Saturday, April 2, 2016

Daughter at Terminal West, Atlanta - April 1, 2016

Last evening, the London band Daughter played to a sold-out crowd at Atlanta's Terminal West.  I arrived before the show started, but a good solid 45 minutes after the doors had opened, and the large crowd already there kept me from getting close to the stage (hence the graininess of some of these photos).  Apparently, Daughter has become much more popular than when we last saw them at Variety Playhouse in September 2013, and the audience was also noticeably younger than at the Playhouse show.  Good for Daughter - it's nice to see nice people succeed.

New York/London band Wilsen opened.  To say that Wilsen sound like Daughter would be an understatement.  I could see why someone decided it would be a good idea for the two bands to tour together (fans of Daughter would naturally like Wilsen), but the net effect was a lack of variety to the show.  I mean, it was all good, but it was all one flavor.

The audience didn't seem to mind, and they clearly adored Daughter's Elena Tonra, even managing to make her laugh out loud during a couple of songs with their earnest declarations of adoration, love, and devotion.  In return, the band went long and played a 75-minute set that seemed to include every song from both of their albums and their EPs - at least, there's nothing I can't say they didn't play.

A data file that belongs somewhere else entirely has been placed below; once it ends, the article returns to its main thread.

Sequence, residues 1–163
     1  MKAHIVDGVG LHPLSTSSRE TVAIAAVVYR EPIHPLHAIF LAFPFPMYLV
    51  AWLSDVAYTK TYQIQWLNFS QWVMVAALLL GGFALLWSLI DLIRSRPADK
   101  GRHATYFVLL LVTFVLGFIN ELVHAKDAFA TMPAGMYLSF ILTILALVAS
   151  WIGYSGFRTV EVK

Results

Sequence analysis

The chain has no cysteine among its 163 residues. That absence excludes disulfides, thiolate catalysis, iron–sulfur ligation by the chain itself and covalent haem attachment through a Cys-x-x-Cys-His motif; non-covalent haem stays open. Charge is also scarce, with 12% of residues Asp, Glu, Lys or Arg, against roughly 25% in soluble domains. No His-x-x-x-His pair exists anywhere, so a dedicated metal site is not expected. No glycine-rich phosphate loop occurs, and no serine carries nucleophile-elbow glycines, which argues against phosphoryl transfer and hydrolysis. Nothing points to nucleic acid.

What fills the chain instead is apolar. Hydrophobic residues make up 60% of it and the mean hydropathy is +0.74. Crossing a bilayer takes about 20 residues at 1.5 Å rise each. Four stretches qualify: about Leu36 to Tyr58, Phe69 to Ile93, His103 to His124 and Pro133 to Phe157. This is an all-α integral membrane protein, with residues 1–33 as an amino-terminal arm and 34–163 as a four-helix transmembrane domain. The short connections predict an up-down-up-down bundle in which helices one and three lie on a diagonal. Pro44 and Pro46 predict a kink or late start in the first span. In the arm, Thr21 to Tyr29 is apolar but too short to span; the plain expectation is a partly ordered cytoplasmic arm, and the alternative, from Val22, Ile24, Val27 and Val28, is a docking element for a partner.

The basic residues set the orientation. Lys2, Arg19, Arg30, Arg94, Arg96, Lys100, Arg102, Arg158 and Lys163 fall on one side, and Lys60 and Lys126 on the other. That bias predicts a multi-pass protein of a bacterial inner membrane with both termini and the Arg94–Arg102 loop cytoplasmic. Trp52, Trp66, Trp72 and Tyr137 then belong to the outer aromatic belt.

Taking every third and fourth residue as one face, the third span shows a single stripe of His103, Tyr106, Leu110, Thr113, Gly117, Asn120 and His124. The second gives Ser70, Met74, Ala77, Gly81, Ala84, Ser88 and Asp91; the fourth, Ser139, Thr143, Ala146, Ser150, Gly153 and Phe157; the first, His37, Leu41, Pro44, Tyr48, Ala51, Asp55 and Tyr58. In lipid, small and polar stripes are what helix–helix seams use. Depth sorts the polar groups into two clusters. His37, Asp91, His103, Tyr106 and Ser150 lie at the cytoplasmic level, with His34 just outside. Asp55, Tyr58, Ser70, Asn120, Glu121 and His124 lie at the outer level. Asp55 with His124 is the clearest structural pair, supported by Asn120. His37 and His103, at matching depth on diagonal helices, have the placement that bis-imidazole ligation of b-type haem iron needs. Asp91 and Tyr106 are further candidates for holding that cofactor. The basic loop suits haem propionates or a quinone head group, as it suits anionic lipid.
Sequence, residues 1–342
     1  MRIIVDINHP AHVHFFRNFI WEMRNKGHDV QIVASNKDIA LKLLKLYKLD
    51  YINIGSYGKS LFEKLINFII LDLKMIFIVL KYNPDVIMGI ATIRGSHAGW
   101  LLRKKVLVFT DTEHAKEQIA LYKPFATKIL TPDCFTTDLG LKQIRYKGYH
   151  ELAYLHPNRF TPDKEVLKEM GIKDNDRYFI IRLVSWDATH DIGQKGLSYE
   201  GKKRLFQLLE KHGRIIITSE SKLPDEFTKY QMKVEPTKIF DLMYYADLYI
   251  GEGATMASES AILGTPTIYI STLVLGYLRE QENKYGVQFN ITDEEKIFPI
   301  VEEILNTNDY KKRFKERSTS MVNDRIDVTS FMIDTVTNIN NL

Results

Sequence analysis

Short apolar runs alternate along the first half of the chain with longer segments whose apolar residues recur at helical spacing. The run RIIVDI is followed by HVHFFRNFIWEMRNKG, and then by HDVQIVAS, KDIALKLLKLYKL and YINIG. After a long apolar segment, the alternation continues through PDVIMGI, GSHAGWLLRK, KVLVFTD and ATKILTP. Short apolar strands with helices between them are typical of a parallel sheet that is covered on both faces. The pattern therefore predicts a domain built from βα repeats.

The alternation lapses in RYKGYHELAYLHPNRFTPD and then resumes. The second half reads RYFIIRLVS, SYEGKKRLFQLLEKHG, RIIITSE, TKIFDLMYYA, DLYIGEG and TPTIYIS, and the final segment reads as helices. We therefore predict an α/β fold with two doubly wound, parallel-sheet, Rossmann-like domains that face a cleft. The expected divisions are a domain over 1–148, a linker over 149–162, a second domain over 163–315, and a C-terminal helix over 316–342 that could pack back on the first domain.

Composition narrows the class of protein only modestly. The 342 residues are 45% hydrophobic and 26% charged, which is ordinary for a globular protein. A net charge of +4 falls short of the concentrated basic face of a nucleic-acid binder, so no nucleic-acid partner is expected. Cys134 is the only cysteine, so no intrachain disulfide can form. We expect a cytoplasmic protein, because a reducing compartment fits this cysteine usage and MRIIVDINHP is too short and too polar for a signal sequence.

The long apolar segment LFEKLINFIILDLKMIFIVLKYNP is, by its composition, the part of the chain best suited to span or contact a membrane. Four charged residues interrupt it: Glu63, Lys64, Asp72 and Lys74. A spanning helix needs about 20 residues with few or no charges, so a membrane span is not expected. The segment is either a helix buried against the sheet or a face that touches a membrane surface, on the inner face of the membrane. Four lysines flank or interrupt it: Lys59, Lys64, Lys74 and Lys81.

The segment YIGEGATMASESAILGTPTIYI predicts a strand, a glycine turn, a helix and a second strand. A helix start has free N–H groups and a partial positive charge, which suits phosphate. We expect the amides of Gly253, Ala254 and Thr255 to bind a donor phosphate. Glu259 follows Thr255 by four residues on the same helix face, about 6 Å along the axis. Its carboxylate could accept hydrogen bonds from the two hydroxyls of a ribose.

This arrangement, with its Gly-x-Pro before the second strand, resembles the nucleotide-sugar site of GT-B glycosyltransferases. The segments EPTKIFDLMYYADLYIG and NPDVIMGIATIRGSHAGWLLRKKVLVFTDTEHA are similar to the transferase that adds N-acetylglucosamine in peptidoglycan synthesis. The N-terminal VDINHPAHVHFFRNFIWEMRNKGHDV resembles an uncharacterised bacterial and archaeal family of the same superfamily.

As a headlining band, they had the traditional headliner's stage set, including a backdrop featuring the artwork from their new Not To Disappear album and a set of bright strobe lights set all over the stage, which I found more distracting than exciting and somewhat inappropriate to Daughter's primarily down-tempo, sad songs.  But this is a minor complaint about an all-around great show.

Daughter records as a trio, but for their live set they had a fourth member on stage, who played keyboards and contributed some harmony to Elena Tonra's vocals.  Elena was on the opposite side of the stage from the one I was standing closest to, so I had to take my pictures from a distance, over the heads of much of the audience, and into the bright stage lights, but I did manage to get at least one good picture of  Daughter's Swiss-born guitarist Igor Haefeli, who was standing closer to my spot. 

I'm happy for Daughter's apparent success, and it's nice to know that there's still a sizable audience for moody and down-tempo, well-crafted songs that aren't dance music or punk-pop.    Bonus points for getting home before 11:30 pm (despite Terminal West's ludicrously slow parking lot exits). 

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